[UPDATE: Galleycat’s Ron Hogan challenges my assumption, suggesting, for example, that a Uzodinma Iweala essay (by comparison, a one-shot deal rather than a continuous commitment) appearing at Powell’s might be reified as “too corporate.” I should point out that, although Iweala’s essay appears on a major retailer’s site, at least Powell’s has made more of an effort to distinguish its content from its marketing, confining all marketing links in rounded yellow boxes. In other words, we have a clear separation between marketing and editorial rather than Amazon’s “anything goes” principle, with its links just under “Meg Wolitzer’s Amazon Blog” going directly to “buy this book” links. Ron is misconstruing my argument. Again, as I pointed out above, I raise no objection to the need to sell books (in fact, while I’m not a fan of advertising, I nevertheless applaud Media Bistro for placing its advertisements in clearly delineated squares so as not to mislead readers). My concern here is over the blurring of marketing and editorial and the impact this is likely to have on worthwhile content (meaning that Wolitzer’s blog is not so much about Wolitzer the author but Wolitzer the book merchant, for her books, without the pivotal distinction, are now contextualized as laundry detergent rather than as works of art). It is no less invalid an argument than the concerns raised earlier in the year over the Target-sponsored New Yorker or what’s referred to in the MeFi world as Pepsi Blue. (See also this OJR article about ethical standards in the blogosphere.)]

How to Get My Attention

Unfortunately (or perhaps fortunately), I didn’t get blasted by this SoulKool agent. But for any publicists who want to tickle my fancy, it’s actually quite easy to do: (a) read my blog and figure out what I’m interested in, (b) direct your emails to me personally, (c) have a sense of humor or a spirit of playfulness, (d) understand that I receive somewhere in the area of 3-20 books a week and that I obviously can’t read them all, (e) don’t expect me to necessarily love your book (I’m not a shill) and (f) realize that there’s pretty much only one guy running this site (and that includes research, production and engineering for each Segundo podcast, which is probably around 15-20 hours per show).

(And here’s a hint: three Segundo interviews came to be because publicists and/or authors factored in each and every one of those six points.)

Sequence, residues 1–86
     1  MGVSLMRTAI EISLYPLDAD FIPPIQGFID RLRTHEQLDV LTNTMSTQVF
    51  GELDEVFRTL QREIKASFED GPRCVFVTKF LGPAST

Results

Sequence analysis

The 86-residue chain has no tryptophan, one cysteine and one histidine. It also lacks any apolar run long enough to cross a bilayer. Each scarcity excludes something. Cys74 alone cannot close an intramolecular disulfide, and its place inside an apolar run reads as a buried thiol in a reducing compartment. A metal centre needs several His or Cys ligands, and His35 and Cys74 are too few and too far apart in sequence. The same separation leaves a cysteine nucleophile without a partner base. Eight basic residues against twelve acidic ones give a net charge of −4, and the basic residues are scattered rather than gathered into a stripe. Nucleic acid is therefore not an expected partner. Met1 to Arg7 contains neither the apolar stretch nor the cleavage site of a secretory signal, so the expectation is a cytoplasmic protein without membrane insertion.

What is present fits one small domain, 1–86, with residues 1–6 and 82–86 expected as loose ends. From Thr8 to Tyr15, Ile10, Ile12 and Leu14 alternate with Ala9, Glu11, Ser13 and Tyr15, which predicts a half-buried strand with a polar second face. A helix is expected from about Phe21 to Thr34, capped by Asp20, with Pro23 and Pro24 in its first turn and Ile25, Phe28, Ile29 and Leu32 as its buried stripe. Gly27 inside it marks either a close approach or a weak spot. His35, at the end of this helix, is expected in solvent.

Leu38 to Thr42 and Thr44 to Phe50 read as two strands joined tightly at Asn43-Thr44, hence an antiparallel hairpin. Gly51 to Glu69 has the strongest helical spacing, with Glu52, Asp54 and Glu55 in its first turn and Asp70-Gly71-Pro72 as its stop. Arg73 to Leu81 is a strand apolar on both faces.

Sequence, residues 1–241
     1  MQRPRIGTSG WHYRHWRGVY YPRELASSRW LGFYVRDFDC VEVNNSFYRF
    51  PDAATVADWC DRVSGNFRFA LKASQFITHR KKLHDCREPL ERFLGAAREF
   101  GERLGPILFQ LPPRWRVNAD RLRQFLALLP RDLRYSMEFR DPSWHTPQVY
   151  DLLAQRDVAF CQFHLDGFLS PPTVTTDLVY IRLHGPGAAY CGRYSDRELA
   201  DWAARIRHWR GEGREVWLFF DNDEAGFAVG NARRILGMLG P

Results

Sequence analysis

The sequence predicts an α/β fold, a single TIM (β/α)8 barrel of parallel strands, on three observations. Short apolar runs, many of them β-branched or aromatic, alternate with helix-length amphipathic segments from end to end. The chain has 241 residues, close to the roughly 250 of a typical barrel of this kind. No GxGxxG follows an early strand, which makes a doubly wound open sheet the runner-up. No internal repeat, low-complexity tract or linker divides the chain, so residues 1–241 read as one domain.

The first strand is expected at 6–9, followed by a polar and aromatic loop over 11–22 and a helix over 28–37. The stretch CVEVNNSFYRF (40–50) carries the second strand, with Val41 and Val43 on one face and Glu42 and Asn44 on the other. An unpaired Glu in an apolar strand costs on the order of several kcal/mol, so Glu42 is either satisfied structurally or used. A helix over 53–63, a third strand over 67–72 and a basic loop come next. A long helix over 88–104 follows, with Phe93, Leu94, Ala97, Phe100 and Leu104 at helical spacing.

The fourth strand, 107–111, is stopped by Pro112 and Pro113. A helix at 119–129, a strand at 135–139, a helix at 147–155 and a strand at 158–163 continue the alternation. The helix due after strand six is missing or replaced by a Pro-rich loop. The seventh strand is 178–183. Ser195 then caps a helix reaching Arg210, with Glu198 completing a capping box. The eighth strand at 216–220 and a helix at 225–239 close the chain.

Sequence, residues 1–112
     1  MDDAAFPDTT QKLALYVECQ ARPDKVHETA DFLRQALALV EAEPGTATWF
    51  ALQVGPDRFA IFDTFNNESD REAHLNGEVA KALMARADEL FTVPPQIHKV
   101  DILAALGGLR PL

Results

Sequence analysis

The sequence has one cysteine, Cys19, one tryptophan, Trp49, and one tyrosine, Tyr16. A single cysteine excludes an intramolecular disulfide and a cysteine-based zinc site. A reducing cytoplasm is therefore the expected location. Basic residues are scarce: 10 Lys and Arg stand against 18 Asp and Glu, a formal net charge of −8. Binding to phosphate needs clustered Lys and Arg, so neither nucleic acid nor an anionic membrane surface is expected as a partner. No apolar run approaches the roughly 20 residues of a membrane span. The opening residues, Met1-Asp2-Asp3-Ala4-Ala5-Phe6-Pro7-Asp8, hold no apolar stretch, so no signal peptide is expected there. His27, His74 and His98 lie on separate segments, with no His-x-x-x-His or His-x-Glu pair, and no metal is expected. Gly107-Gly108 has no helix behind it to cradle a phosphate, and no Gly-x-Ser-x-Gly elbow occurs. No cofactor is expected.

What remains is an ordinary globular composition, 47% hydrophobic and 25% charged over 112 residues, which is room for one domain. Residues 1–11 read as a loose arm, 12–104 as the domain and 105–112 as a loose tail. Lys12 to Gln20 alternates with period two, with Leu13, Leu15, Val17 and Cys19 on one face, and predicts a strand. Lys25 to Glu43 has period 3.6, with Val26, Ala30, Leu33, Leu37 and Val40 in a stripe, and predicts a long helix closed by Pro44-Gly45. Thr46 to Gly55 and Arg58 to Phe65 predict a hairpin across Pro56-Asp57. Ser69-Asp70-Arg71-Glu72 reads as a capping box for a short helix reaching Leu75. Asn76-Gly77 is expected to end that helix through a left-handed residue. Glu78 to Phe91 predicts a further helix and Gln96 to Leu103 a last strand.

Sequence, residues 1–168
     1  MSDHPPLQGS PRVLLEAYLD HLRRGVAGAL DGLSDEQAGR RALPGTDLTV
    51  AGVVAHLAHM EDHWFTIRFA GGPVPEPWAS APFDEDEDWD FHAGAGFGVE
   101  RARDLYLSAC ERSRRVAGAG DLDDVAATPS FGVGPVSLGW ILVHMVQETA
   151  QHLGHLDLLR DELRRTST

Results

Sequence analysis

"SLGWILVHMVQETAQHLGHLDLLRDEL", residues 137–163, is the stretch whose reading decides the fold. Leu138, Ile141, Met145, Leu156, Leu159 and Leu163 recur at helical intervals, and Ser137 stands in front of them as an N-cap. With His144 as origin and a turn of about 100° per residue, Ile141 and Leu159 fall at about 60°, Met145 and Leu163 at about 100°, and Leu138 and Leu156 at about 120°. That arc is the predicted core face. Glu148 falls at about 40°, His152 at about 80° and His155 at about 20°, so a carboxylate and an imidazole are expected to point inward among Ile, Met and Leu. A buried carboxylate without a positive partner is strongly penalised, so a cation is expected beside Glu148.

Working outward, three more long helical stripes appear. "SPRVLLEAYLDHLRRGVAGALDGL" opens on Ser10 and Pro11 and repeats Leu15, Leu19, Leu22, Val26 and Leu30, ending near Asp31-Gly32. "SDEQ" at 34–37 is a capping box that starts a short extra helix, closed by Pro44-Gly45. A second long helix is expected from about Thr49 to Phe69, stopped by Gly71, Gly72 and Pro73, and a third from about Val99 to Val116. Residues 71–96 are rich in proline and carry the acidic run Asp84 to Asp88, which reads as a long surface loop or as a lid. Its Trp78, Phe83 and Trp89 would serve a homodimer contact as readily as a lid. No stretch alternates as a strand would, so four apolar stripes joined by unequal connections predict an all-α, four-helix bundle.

Fusion City

I really wish I could make this, but other pressing obligations keep me chained to the computer (and likely will result in scattershot updates for the first half of this week). But if you’re in San Francisco tonight, check out Kate Braverman’s Fusion City, “a literary talk show,” over at Edinburgh Castle. She’ll be talking with Kim Addonizio, Charlie Anders, Katai Noyes and Michelle Richmond. Plus, there will be a performance artist named Daphne Gottlieb.

Author Publicity & Online Outlets

M.J. Rose conveys several stories about how some authors can be dismissive of both publicists and journalists. While 95% of the authors and publicists I have dealt with have been nothing less than amicable and accommodating, even when an author cannot be produced for an interview, I have, nevertheless, experienced a few variations on these tales myself.

I also wanted to followup on Ron’s item from this morning. While I did not receive a return phone call back from the publicist, I think it’s likely that the September 28 interview in the Washington Post may have been set up already, and that the “all interviews are cancelled” line may have applied to any interviews that had not already been set in stone. Again, I don’t blame anyone here, nor do I take it personally. I’ll be the first to confess that I’m not the Washington Post. As an online outlet, I am pretty low on the totem pole. And as long as I’ve written for online outlets, even as a professional, this has always been the case. Some publishers understand websites and blogs and podcasts, and some don’t. Or simply won’t.

Lost & The Third Policeman

The Book Standard asks if a reference to Flann O’Brien’s great classic The Third Policeman on the television show Lost has had any sales impact. Aside from confusing O’Brien’s book with an O’Brien title I wasn’t aware of (The Last Policeman? Man, I wish that wasn’t a typo.), it’s revealed that Dalkey Archive ordered an extra print run of 10,000. Lost writer Craig Wright has also gone on record, suggesting that the O’Brien book would be “invaluable to fans seeking to unravel the island’s mystery.” I find this claim skeptical, given writer David Fury‘s remarks in Rolling Stone a few weeks ago, where he suggested that the show’s producers were making the story up as they went along, concluding, “It’s a brilliant trick to make us look smart.”

Subterfuge or no, at the time of composing this post, The Third Policeman has an Amazon rank of #1,518. And the Book Standard reports that Dalkey has shipped 15,000 more copies to meet increasing demand. That’s pretty remarkable for a casual reference in a hit television show. Of course, one wonders if these sales would have happened had Craig Wright not insinuated a tie-in. But if it gets people reading Flann O’Brien, perhaps they’ll devote their energies to discussing bicycle metaphors rather than deconstructing a highly addictive show that might be less profound and symbolic than we’ve been lead to believe.

Up Next from Ms. Skurnick: Check-Out, No Vacancy and Thank the Gods That This Isn’t the Bates Motel.